Illustration of a marlin in the water

The Old Man and the Sea

by Ernest Hemingway

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In The Old Man and the Sea, do you see the Old Man's adventure at sea as a triumph or a defeat, and what message is Hemingway trying to convey to the reader from his great encounter?

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In the story, the old man is a fisherman who hooks a large fish and tries to reel him in. The battle between the two lasts for a long time and creates both physical and spiritual tension for the old man. The fish fights the old man and thrashes against the hook that has landed him at the end of the old man’s fishing reel. Yet it is an honorable battle between two experienced adversaries.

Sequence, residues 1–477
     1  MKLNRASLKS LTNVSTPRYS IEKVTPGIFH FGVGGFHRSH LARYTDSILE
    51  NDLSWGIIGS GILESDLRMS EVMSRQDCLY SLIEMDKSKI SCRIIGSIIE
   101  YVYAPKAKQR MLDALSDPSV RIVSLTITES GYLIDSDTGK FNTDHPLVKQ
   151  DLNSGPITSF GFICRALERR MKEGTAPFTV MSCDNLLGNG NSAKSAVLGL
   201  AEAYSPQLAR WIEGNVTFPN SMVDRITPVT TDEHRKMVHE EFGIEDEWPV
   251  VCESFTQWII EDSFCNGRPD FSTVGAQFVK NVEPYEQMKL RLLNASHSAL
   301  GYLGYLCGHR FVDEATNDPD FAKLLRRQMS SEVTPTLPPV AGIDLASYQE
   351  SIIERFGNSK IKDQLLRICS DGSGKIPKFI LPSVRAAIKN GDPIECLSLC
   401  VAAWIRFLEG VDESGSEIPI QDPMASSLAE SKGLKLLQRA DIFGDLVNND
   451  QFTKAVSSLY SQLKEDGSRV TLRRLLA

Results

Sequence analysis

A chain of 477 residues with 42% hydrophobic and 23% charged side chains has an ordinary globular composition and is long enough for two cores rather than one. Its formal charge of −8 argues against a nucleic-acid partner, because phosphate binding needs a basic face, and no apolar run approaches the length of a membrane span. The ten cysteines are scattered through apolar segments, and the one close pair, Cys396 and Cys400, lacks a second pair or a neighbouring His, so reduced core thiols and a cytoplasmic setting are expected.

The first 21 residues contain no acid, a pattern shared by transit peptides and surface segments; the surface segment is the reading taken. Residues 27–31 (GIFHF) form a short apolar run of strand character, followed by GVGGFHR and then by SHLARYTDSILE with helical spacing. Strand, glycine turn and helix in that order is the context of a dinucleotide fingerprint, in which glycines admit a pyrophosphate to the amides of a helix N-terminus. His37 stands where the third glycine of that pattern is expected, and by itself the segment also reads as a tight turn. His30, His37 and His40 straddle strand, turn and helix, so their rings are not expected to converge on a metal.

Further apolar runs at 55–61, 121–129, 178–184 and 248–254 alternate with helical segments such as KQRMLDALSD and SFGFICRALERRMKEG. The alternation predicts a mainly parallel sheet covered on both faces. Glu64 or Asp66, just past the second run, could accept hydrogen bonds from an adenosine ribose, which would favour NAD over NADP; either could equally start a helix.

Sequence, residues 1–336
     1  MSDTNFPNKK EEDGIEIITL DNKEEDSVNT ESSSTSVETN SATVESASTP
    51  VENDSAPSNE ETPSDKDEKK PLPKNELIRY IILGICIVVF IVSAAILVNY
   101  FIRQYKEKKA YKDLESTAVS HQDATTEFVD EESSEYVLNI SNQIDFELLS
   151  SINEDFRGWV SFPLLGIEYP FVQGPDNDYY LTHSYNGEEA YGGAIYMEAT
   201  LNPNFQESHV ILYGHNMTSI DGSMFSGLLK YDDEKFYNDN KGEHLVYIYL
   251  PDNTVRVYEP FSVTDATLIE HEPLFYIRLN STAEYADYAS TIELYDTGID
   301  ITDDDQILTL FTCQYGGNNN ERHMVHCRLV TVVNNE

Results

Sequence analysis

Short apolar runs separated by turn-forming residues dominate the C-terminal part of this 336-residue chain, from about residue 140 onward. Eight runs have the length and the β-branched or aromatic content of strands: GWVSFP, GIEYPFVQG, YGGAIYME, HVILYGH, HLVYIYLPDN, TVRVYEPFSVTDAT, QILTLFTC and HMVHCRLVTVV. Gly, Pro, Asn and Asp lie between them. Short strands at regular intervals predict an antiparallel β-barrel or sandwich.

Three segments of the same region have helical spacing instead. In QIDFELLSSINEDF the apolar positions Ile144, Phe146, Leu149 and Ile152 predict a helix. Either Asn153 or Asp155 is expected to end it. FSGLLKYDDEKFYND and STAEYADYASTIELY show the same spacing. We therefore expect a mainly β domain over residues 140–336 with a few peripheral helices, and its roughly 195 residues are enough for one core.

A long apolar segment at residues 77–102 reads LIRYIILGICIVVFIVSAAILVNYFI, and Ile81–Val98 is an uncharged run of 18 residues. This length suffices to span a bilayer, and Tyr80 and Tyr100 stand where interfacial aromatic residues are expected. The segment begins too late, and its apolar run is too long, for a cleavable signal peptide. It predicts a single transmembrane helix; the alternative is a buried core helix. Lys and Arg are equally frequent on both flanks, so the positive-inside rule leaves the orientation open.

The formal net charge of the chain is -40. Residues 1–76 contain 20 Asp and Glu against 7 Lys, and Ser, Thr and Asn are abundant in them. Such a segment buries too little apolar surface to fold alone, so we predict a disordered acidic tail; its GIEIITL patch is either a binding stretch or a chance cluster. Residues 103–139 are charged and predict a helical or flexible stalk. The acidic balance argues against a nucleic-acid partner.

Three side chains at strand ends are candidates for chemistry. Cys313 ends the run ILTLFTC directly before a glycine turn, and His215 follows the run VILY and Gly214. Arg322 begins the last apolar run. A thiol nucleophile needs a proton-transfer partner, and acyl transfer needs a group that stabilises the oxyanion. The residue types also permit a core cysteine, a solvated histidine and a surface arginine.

We know that the old man is experienced because, after all, he is old and has been fishing the seas for a very long time. Similarly, for the fish to have reached its massive size, probably it is also old. For the old man, the fish represents a new chance and the opportunity to change his circumstances, as he has been unlucky for months and has not caught a fish. For the fish, winning this battle means retaining his life and a chance to return to the open sea.

One of Hemingway’s messages in the story is that sometimes the battle itself is just as important as the prize at the end and to conduct oneself honorably during the battle makes one worthy, even if the prize ultimately proves elusive. To catch this fish would be a triumph for the old man, but just to be in the battle is honorable, as is the ability of each to last for as long as they do. They both endure the lengthy struggle—with the old man holding on to the fishing reel—which is a testament to their perseverance, strength, resolve and will to live.

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